It is also important to increase our level of interaction with the global community. I recall at MIT, in the Computer Science and AI Lab, there were at least three invited talks every week. The mechanical engineering department at SJTU hosts 300 external talks every year. In contrast, IIT Madras lists 16 distinguished external talks in the computer science department (2015-16). We need to provide for ample travel money for such exchanges and to present papers at conferences. This will provide our budding researchers with the right exposure, opportunities for knowledge sharing and ultimately result in collaborations to help further research.
Liberalise processes with speed and merit
India liberalised its economy at the beginning of the 90’s. It’s time we liberalise our science ecosystem as well. We can do so by providing greater autonomy to our institutions and making the processes for funding and equipment-purchase more efficient. For instance, experimentalists in fields like neuroscience need equipment such as a MRI machine, components to build a prosthetic arm and various electronic components. In the US, a doctoral student can order $5000 worth of material with just a simple email approval from her adviser, for shipment overnight. We need to similarly simplify processes in India while having audit mechanisms for financial control and propriety. Together with such liberalisation, we need to make our institutions and researchers accountable and compete for resources. Resources need to be accumulated for the high performers to enable scientific breakthroughs.
Enabling our researchers
Our researchers cannot give their full attention to research. We need sufficient technical and administrative staff to assist them. Our faculty should spend their time on thinking about original research questions and their breakthrough solutions, rather than just maintaining equipment, calibrating them and doing paperwork. Institutions like MIT, Stanford and UC, Berkeley, provide tremendous support to their faculty in this regard. The number of staff members in these institutions is 4 times the number of faculty members. We need to build similar capacity. Not only will this help us get maximum ROI from our researchers, but also enable optimal use of the institute’s resources and equipment. A hassle-free enabling environment is a must for our researchers to give their best performance.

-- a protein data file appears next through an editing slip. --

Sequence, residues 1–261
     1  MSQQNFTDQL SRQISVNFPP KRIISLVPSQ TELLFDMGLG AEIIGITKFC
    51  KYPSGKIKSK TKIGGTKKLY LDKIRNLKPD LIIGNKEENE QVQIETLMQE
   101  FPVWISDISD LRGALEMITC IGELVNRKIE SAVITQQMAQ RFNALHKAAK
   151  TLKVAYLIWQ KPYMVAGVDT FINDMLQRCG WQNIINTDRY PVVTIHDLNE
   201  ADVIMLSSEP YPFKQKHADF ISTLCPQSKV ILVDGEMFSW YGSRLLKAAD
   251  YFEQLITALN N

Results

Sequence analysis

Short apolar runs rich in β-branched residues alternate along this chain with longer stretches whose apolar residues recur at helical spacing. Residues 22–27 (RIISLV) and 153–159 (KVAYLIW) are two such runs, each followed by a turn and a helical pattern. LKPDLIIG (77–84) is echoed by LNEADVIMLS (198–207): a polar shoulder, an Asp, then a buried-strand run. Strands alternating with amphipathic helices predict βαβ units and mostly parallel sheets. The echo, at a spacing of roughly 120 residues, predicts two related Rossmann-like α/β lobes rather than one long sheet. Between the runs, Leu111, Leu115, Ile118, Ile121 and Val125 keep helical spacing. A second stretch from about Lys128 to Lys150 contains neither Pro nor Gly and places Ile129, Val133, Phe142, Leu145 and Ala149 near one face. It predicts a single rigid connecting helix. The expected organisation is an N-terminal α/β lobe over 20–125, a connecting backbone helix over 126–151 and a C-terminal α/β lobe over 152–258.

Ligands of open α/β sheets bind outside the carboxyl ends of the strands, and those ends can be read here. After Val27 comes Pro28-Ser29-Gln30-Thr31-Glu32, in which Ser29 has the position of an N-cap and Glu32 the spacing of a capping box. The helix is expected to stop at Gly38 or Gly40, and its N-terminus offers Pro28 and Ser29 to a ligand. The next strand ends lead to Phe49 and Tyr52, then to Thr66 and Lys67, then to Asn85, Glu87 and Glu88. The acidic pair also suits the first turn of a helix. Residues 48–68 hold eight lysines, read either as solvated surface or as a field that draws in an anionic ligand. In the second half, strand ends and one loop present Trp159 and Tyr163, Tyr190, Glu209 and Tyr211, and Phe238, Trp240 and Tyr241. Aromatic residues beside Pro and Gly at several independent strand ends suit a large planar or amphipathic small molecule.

Increased emphasis on Industry-academia interaction
Institutionalised mechanisms of interaction between the industry and academic institutions is another important aspect. It is the industry that supplies interesting and relevant problems to the faculty to be converted into original questions of research inquiry. And then research leads to social and economic development through the industry and entrepreneurship. Though the Indian start-ups have come a long way, there are still only a few names that have made great technological advances or any global impact.
Our institutions need to develop respect for interaction with industry – industry deployment should be valued as much as paper/citation counts. Institutions need to have professionally-run industry liaison offices to engage with the industry and develop a relationship like the top global institutions such as MIT which has a 50+ people industry office.
On the other hand, science entrepreneurship ecosystem also needs to be nurtured. Investors need to come forward and support high-risk businesses where it takes time to develop a commercially viable product or service. At the same time, our entrepreneurs need to come up with original business concepts inspired by new research. It will be great to see more Ph.D. students involved in founding start-ups than only those with a bachelor’s degree.
India has the resources, talent and opportunity. All it needs to do is nurture them all. We need a movement, a science satyagraha, to make India a formidable knowledge creator again. The government, the policymakers and our public institutions need to work in tandem toward making India a scientific superpower.